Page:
Imagine this scenario… You are driving along the highway on your way to an important meeting dressed for success when all of the sudden you hear a quiet “thump, thump” sound. You tell yourself that it is just the bumps on the highway, but then it begins to get louder and louder. You know you have a flat tire, but you are miles from the next exit. What are you going to do?
Begrudgingly you pull to the side of the road and step outside to survey the damage. Yup it is just as you suspected, your front passenger tire is flatter than a pancake. So what do you do? You can’t make it to the exit, and it will take too long for someone to get there to help. Sounds like the situation we all fear right? Well why not change the tire yourself? You are a capable person, and you most certainly can get that tire changed all on your own. It is not hard; you can even do it in your skirt and high heels. Just follow these easy steps and you won’t find yourself caught in that situation ever again.
First, make sure you have pulled onto a stable and flat surface. If you pulled over on a hill or even a soft piece of ground, move slowly to a new flat location. Also, if you get caught parked on the side of the highway make sure you are as far from traffic as possible with your hazard lights on. Be sure to put your car in park and apply the parking brake to ensure your car cannot roll. It is also a good idea to block the wheels with a large rock or anything else you can find. Block a front tire if you are changing a rear tire and vice versa.
Next, roll up your sleeves and head to your trunk to get out your spare tire and jack. Place the jack under the frame near the tire that you are going to change. Make sure that you place it where it will meet the metal portion of the frame. If you aren’t sure where exactly to place the jack check your owner’s manual. However, for most modern cars, there is a small notch or mark just behind the front wheel wells or in front of the rear wheel wells where the jack is intended to be placed.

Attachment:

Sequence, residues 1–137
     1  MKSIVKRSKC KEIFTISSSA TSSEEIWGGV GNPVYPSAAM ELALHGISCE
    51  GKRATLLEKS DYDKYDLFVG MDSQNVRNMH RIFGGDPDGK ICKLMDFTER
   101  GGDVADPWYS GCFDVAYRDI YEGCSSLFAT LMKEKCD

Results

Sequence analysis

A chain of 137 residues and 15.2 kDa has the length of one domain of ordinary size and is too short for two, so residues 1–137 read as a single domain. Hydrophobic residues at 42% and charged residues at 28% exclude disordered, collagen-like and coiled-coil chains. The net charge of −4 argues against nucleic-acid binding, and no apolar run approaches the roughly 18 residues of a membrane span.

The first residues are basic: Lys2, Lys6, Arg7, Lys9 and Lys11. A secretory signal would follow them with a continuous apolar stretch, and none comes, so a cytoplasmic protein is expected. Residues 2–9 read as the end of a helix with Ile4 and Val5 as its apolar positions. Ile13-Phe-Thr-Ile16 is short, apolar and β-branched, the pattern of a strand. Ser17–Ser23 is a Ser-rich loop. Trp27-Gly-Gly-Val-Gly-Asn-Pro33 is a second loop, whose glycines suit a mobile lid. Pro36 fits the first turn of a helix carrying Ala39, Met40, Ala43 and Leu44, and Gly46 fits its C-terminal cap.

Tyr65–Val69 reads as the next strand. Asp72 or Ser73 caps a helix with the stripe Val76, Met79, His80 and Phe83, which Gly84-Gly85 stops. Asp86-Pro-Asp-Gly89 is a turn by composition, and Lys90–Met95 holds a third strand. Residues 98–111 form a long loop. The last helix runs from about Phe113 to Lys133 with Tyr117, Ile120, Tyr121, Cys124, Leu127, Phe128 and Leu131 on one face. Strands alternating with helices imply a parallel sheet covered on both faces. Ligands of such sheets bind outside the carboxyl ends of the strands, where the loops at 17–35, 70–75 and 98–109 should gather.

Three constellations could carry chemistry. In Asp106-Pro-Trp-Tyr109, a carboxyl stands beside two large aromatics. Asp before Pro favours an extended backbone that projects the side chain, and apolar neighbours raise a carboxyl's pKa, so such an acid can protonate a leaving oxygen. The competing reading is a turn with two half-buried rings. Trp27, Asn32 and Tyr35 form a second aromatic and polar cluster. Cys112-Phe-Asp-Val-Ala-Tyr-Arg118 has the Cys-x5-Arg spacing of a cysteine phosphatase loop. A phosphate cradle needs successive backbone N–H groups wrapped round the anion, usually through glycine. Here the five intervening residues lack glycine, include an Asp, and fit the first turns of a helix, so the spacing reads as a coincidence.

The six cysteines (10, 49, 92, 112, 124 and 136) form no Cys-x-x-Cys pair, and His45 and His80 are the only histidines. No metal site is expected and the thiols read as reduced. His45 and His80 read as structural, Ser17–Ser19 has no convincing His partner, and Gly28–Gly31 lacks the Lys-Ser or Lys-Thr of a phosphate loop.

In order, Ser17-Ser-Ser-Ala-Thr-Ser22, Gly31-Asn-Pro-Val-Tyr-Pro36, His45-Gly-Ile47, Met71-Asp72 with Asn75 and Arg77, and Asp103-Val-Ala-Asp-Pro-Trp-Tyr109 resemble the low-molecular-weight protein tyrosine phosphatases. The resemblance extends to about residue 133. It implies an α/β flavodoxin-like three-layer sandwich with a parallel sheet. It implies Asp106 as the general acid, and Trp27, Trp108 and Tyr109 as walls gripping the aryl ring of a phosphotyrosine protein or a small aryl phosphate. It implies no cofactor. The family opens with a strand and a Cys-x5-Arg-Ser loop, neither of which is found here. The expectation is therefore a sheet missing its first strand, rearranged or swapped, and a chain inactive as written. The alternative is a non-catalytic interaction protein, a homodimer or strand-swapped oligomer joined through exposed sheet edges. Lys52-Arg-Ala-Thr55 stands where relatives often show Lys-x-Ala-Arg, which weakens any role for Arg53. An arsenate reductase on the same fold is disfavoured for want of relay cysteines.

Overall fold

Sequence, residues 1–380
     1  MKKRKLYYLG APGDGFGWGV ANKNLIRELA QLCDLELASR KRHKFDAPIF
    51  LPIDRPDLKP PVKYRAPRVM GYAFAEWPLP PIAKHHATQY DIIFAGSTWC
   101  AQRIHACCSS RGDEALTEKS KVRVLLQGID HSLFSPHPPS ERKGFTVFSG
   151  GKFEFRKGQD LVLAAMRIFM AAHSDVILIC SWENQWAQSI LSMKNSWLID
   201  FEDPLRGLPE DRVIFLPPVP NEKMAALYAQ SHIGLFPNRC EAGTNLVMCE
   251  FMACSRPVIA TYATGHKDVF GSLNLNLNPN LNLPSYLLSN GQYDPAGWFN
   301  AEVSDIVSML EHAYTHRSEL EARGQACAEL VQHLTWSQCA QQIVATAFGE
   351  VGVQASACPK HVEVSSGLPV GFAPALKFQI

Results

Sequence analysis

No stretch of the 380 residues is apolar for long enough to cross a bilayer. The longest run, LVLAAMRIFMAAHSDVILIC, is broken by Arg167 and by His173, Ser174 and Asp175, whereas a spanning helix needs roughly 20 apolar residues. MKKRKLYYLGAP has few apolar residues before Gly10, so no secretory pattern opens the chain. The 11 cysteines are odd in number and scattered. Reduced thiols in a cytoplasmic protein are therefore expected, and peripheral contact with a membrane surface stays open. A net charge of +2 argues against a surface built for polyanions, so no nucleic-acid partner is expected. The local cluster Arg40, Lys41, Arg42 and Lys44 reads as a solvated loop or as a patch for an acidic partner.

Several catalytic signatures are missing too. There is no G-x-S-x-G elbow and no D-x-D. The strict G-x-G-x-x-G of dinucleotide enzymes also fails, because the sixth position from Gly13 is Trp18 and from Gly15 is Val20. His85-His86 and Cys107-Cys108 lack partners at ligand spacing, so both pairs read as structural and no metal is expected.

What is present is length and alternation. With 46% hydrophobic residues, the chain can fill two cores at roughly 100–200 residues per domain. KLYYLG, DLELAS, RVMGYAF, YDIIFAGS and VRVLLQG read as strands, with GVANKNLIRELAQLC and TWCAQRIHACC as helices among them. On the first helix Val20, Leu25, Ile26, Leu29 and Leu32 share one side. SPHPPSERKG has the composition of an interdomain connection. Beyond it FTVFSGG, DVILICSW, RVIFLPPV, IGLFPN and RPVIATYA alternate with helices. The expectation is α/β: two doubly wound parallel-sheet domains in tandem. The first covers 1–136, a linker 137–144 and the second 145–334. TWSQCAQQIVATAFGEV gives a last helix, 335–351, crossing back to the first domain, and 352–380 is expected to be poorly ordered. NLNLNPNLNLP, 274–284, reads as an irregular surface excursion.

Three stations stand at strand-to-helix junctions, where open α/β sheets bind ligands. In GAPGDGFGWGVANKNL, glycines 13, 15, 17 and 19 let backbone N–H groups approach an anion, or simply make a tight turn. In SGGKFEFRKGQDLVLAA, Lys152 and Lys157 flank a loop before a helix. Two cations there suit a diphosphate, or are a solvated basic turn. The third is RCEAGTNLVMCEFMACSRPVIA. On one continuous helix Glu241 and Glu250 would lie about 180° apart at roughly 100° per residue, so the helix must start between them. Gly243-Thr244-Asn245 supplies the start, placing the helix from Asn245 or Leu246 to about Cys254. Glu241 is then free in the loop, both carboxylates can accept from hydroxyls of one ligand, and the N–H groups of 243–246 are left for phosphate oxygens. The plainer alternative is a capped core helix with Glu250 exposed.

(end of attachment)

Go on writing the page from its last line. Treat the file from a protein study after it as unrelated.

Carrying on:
Next, raise the jack until it is supporting but not lifting the car. Now it is time to remove your hubcap and begin loosening the nuts with the wrench that came with your car. Place the right size of the wrench on the lug nut. The right size is the one that slips easily over the nut but does not rattle. Once the nuts are loose, pump or crank the jack to lift the tire off the ground enough so you can remove the flat and put on the spare. Make sure you are lifting the car straight up and down. Now remove the nuts the rest of the way and lift the flat tire off. Place the flat tire under the vehicle so in event of jack failure the vehicle will fall on the old wheel, hopefully preventing injury.
Now it is time to place the spare tire on the hub. Make sure you carefully align the rim of the spare tire with the wheel bolts. Now, place the nuts on the correct spot and begin to tighten them by hand. Next, tighten the nuts but to ensure the tire is balanced don’t completely tighten the nuts one at a time. Going in a star pattern around the tire, one nut across from another, give each one a full turn until they are equally tight. Now you can begin to lower the car to the ground. However, do not put the full weight on it yet. First, finish tightening the nuts as much as possible. Once you have tightened the nuts again finish lowering the car and remove the jack. Tighten the nuts one last time before replacing the hub cap. Put your flat tire, jack, and wrench back in your trunk. Give yourself a pat on the back; you just changed a flat tire all by yourself!
Always remember that most spare tires (the undersized “donut” tires) are not rated for more than 50 MPH or for long distances. Exceeding this speed can cause problems, including failure of the spare tire. Drive slowly and carefully to a shop and have your tire repaired or replaced. Also practice makes perfect. Try to familiarize yourself with the steps before you get a flat tire, so that you don’t have to learn for the first time by the side of the road by yourself in the dark or rain.